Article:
UPDATE: Sen. McCaskill: Rural areas need broadband

Friday, June 25, 2010 | 1:17 p.m. CDT

TROY — Access to broadband Internet is no longer a luxury, it's a necessity, and rural areas need more of it, Sen. Claire McCaskill and others said Friday.

The Missouri Democrat and Federal Communications Commission Chairman Julius Genachowski hosted a Rural Broadband Forum in Troy, about 50 miles north of St. Louis. About 100 people attended.

Technology usually arrives last in rural areas — electricity, telephone service. McCaskill cited statistics showing that only about two-fifths of rural Americans have broadband Internet.

"Right now, rural areas are getting left behind as it relates to broadband adoption," McCaskill said. "Without fast speeds to the Internet, our commerce, our job creation in this country is going to continue to fall behind."

In March, the FCC unveiled a sweeping proposal to overhaul broadband policy, with the goal of providing high-speed Internet access to underserved areas of the country and to make existing connections even faster.

Genachowski said there are challenges in rural areas, but extending broadband is vital for businesses, emergency responders, health care providers and residents.

"The rest of the world is not standing still," Genachowski said. "If we stand still or move slowly, we're falling behind."

Internet providers agree access in rural areas needs to be improved. At issue is how to go about it.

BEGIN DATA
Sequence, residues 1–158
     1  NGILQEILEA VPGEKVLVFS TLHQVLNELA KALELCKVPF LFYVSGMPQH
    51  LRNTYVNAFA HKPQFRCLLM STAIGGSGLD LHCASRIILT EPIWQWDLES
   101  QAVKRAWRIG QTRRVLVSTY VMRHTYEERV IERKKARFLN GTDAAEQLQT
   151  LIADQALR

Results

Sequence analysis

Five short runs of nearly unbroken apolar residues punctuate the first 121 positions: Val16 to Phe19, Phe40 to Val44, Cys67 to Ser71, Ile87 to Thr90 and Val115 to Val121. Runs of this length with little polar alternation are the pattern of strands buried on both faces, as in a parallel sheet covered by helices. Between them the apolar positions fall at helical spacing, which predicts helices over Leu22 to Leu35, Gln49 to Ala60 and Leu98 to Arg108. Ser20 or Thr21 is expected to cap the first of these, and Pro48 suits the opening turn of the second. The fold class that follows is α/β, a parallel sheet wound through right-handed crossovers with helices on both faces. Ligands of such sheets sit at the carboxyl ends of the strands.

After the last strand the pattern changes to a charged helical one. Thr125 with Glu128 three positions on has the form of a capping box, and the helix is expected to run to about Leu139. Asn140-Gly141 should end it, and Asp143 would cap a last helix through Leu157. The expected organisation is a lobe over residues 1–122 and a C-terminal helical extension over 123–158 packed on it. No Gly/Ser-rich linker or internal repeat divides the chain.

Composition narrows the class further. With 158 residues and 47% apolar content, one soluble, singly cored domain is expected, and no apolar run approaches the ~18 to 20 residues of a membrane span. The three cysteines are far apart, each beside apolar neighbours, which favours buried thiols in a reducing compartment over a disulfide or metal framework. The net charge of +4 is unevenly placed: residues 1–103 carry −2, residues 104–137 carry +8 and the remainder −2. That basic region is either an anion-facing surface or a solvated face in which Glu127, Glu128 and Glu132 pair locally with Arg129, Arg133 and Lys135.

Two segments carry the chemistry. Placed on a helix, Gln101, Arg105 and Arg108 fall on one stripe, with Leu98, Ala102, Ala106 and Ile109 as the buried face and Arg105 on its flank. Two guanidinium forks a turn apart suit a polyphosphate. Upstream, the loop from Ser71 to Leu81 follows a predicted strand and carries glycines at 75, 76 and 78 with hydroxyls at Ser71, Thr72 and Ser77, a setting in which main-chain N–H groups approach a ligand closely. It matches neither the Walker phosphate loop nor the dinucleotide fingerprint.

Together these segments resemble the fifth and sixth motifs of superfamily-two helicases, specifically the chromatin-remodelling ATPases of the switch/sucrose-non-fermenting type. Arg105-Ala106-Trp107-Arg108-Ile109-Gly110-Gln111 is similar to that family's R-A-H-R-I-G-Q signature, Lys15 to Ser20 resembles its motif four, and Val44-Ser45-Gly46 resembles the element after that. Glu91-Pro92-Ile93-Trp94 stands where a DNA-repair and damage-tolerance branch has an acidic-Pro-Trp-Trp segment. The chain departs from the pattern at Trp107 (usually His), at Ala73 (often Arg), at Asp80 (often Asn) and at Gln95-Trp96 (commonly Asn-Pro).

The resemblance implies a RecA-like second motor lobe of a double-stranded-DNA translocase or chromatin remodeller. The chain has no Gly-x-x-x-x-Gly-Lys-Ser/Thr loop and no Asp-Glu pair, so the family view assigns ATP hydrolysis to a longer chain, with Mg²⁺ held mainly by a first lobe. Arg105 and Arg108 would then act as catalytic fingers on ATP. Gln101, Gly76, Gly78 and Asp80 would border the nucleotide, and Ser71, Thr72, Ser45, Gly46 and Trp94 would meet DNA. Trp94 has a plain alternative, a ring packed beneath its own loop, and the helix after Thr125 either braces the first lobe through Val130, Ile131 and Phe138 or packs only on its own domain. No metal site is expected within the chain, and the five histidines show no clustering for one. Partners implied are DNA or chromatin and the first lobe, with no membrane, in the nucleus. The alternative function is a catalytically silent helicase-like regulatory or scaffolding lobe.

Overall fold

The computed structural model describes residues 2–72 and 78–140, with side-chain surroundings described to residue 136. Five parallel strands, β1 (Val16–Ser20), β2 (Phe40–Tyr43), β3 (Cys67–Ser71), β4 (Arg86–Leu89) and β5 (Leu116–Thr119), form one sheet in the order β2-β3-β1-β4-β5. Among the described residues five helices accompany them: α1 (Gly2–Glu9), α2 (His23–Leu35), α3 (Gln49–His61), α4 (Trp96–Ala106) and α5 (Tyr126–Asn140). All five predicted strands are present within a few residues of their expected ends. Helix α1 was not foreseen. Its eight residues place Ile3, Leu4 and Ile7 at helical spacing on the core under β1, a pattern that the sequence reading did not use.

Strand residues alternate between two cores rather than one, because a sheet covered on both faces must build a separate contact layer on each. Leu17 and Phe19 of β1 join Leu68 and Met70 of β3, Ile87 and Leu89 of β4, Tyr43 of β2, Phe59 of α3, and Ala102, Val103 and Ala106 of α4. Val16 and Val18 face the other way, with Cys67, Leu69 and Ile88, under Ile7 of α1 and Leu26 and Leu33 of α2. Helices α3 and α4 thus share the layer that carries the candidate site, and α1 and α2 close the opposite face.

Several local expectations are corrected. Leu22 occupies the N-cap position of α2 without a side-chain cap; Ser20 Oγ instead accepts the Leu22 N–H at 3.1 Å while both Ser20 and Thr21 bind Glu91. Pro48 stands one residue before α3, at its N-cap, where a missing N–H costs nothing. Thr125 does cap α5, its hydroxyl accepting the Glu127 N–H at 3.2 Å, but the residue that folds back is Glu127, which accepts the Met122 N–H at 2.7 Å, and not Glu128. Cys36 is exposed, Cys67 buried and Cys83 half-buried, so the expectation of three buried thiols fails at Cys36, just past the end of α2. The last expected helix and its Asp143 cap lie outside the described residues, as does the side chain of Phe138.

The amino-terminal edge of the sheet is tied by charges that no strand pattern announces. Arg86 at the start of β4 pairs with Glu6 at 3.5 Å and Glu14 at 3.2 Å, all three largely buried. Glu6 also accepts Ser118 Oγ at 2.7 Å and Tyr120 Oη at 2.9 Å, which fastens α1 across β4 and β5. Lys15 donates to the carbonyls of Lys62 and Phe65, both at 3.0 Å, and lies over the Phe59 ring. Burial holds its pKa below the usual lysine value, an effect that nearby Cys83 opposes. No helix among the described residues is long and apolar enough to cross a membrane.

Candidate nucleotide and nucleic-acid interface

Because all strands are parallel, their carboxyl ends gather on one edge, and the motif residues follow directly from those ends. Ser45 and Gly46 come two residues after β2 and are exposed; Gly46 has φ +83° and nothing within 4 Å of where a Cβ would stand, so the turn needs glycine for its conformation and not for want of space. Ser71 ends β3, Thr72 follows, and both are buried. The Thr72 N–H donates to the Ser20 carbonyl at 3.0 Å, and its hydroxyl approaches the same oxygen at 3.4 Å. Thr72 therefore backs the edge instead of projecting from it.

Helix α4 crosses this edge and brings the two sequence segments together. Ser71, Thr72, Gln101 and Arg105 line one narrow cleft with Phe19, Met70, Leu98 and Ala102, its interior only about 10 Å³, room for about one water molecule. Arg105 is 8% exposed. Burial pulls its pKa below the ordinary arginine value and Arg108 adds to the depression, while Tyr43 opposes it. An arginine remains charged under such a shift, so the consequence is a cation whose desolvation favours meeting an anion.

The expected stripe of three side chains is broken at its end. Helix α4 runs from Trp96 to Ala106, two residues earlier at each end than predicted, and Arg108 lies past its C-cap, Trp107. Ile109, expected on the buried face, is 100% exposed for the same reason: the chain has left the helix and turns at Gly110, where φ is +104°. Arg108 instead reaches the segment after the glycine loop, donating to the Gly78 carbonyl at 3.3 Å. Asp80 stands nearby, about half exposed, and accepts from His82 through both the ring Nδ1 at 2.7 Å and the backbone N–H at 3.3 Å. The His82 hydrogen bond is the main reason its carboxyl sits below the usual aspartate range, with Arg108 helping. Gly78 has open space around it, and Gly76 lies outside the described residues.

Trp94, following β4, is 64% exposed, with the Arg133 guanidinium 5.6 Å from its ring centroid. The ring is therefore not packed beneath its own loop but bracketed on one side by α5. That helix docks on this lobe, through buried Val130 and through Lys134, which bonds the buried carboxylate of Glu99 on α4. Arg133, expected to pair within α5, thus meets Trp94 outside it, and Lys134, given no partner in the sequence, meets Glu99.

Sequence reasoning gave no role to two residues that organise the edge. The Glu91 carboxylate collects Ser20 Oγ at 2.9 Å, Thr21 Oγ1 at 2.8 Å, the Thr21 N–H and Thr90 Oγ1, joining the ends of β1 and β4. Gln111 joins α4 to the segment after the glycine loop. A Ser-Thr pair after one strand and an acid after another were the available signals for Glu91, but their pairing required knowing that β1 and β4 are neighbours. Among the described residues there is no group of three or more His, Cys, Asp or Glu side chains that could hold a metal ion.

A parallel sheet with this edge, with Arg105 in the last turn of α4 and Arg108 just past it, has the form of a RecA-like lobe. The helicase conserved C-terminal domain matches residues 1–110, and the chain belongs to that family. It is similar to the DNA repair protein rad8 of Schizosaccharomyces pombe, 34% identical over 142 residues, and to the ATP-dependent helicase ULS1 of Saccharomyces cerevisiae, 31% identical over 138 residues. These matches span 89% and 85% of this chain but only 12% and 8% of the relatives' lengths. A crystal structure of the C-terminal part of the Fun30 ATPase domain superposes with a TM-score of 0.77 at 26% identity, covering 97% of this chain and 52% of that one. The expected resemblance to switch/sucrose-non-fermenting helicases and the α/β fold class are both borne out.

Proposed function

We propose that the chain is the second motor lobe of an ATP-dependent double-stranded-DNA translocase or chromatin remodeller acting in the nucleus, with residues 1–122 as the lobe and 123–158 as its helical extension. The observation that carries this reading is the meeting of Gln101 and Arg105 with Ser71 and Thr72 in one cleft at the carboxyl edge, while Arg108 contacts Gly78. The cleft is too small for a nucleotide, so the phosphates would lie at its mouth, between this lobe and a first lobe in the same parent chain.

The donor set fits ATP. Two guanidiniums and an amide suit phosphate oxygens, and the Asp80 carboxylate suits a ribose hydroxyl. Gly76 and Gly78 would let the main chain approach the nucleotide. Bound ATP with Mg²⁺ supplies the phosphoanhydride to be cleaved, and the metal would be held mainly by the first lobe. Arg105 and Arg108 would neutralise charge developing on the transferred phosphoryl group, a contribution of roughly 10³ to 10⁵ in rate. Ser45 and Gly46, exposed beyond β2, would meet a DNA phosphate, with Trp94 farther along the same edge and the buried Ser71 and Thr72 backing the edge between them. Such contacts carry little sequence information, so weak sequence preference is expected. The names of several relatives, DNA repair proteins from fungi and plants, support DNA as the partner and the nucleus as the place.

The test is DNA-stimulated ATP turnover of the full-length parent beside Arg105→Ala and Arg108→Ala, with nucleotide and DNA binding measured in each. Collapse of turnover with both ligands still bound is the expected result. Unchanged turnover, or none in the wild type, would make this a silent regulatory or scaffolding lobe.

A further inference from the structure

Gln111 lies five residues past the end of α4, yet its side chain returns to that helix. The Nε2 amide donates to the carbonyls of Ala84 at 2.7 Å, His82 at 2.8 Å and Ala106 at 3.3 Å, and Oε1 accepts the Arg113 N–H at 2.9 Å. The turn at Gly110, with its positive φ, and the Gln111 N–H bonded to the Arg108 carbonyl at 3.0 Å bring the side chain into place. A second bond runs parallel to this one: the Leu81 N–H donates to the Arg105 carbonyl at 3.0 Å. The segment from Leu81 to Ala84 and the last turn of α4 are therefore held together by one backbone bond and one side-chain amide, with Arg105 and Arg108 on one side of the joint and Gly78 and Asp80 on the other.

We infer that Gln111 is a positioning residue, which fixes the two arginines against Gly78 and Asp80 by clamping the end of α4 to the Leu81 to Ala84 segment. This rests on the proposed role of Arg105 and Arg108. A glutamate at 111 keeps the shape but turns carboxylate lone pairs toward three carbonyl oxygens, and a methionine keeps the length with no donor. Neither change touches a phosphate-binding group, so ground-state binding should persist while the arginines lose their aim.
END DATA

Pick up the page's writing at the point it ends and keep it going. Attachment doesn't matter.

Walter McCormick, president of the U.S. Telecom Association that represents telephone and Internet companies, said tremendous progress has been made. Eight years ago, about 8 million Americans had access to broadband, now about 300 million have that access and he said getting broadband to the rest is the hard part.

"The distances that are involved and the remoteness of reaching them makes it difficult to construct a viable business plan without some form of government assistance," McCormick said in a telephone interview. "There needs to be some form of public assistance."

At the forum, some questioned why the FCC plan sets a goal of 100 megabytes of broadband for urban areas and just 4 megabytes for rural areas.

"It would be a huge divide," said Brian Cornelius, president of Citizens Telephone in Higginsville, which provides phone and Internet service to about 3,500 customers in western Missouri. "Rural areas are struggling now. We can't have that."

Genachowski said the proposal is a starting point to get some level of broadband throughout the country. He said it would be reviewed regularly "to see how fast we can take that up without busting the budget."

Lincoln County Fire Protection District Chief Mike Cherry said high-speed Internet can be crucial in fires and other disasters.

"The faster we can transmit information, the faster we can get help on the way," Cherry said. "It's endless possibilities for emergency response."

Terry Morrow, superintendent of schools for Lincoln County, said students without broadband face the prospect of falling behind. He said the technology has many applications — kids home sick can receive information straight from a classroom computerized blackboard; schools that can't afford or attract specialty teachers can still provide access to them via electronic hookup with a district that can.

"It saves the taxpayers money, it gives the kids another opportunity, and I don't see how that's bad for anyone," Morrow said.

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John Schultz June 25, 2010 | 11:15 p.m.